Now that they’re drowsy, leave the bedroom so that they learn to fall asleep independently.

In the morning let the bright light in to signal to the body to wake up and to suppress the sleep hormone melatonin.

Ellie’s progress

On the first night of the plan the bedtime routine was much more relaxed and less stressful. Ellie was asleep in 10 minutes; the first time for over a year. During the next few weeks her bedtime routine remained the same and her sleeping time was slowly advanced until she was falling asleep easily by 8.30 pm. This meant she was having the correct amount of sleep for her age and her parents had some well deserved time together in the evenings.

by Mandy Gurney

RGN, RM, DIP HV. Founder Millpond Sleep Clinic

tel: 020 8444 0040
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About The Author

Mandy Gurney
Children's Sleep Expert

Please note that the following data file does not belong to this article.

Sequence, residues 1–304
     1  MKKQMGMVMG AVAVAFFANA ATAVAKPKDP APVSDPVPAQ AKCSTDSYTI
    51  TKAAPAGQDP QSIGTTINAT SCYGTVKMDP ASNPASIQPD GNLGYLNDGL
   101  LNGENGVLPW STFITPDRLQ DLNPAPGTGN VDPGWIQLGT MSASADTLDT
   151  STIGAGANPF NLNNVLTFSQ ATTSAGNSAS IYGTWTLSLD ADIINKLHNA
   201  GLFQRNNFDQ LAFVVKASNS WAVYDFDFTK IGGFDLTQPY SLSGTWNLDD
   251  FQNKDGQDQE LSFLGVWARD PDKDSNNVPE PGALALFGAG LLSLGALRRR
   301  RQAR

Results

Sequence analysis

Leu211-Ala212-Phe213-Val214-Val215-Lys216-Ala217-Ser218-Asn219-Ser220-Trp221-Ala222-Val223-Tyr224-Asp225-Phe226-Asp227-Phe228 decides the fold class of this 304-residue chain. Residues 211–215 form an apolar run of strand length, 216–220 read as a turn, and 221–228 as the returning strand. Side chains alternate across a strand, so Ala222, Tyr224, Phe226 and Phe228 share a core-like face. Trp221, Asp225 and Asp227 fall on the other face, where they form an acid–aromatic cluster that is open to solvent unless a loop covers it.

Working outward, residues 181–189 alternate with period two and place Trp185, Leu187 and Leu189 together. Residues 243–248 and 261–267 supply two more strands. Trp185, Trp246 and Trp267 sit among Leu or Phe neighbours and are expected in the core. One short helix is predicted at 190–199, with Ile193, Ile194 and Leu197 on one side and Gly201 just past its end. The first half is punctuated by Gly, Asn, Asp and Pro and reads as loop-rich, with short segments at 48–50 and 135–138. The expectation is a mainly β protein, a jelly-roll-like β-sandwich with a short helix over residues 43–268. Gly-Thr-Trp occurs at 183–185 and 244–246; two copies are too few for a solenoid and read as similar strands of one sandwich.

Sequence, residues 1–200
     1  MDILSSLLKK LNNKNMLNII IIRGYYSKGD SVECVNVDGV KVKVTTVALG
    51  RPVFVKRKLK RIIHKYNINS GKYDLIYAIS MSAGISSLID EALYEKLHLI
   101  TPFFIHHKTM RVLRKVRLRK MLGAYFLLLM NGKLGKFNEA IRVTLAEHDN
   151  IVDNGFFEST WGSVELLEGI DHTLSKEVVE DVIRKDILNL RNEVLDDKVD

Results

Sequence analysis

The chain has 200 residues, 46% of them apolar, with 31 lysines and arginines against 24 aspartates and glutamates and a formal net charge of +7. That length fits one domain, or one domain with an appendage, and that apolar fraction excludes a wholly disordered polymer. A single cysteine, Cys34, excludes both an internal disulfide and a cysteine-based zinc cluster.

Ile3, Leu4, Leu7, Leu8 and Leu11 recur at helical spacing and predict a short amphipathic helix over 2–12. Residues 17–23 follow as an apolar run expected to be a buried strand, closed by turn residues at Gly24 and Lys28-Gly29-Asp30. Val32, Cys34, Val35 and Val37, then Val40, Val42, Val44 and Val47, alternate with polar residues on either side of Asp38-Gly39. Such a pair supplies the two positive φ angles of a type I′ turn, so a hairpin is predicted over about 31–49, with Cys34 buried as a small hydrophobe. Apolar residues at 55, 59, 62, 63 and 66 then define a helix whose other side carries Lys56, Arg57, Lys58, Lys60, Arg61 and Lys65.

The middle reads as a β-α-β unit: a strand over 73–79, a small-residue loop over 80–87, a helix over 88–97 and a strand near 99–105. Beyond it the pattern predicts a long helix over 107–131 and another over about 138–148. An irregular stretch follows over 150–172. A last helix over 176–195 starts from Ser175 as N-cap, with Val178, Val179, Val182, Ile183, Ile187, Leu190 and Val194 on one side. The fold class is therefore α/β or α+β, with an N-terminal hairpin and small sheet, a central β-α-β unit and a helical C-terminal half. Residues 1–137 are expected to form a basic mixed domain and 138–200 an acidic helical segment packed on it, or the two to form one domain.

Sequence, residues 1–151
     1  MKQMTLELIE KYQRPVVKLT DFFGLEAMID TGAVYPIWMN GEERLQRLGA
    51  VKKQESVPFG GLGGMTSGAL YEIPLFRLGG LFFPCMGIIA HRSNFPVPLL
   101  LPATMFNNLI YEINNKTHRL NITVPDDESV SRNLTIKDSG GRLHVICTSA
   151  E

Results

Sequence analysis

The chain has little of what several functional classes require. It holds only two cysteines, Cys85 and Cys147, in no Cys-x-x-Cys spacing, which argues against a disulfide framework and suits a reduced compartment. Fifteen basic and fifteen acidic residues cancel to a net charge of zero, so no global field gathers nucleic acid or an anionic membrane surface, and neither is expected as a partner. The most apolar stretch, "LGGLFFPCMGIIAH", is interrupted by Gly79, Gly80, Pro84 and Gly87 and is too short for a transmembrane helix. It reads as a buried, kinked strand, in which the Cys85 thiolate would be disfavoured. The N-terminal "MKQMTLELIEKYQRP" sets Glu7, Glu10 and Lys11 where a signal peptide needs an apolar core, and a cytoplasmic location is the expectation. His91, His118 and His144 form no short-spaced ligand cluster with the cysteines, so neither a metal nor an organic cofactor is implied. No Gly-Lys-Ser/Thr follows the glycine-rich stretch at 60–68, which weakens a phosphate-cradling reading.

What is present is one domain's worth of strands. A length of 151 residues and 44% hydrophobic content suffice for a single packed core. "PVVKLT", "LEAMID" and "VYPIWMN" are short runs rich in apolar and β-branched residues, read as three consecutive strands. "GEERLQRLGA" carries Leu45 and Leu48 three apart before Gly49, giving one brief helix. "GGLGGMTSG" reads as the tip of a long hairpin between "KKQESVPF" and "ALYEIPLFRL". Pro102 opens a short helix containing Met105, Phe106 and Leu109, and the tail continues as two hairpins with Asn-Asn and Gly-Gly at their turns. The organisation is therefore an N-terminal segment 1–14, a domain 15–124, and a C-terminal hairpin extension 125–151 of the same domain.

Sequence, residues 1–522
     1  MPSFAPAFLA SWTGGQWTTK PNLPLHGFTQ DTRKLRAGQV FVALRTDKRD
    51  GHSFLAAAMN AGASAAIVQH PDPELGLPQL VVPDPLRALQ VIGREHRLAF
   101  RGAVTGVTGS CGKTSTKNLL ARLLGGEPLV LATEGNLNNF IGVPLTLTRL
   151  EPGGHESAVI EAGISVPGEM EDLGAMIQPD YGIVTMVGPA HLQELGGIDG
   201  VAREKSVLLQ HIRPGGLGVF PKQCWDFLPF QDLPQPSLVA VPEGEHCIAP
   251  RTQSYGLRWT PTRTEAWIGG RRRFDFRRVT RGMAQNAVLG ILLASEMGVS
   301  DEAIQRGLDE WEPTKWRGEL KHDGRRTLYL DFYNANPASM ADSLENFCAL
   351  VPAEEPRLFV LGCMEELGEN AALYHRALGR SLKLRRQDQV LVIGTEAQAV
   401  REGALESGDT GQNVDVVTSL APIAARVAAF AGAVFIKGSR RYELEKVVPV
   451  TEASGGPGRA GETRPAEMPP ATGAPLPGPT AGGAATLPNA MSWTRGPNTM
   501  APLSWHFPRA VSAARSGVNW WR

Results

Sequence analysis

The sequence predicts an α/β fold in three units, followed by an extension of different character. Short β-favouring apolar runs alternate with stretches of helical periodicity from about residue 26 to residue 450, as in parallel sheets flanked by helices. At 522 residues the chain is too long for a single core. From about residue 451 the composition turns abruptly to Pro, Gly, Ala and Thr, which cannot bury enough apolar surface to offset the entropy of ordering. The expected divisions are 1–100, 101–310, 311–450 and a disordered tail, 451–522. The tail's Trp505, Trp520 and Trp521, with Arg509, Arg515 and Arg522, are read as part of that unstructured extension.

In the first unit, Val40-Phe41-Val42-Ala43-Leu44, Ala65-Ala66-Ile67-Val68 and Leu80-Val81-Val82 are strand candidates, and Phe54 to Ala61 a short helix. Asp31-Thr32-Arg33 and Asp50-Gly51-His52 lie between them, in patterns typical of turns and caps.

Mandy Gurney is the founder of Millpond Children's Sleep Clinic and has been advising on baby, toddler and school aged child sleep issues for approaching thirty years. She is a qualified nurse, midwife and health visitor. Commissioned by the NHS since 2007, Mandy delivers sleep workshops for health professionals across the UK and Ireland; whilst mentoring NHS Trusts with their own sleep clinics. She is a key note speaker presenting at The Baby Show London, The Baby and Toddler Show and she delivers sleep seminars in the workplace and for schools. Mandy is the author of both "Teach Your Child to Sleep" (Hamlyn, 2005 & 2016), which has sold tens of thousands of copies worldwide and been translated into ten different languages, and “In The Night Garden-The Bedtime Book”, (Ladybird 2016).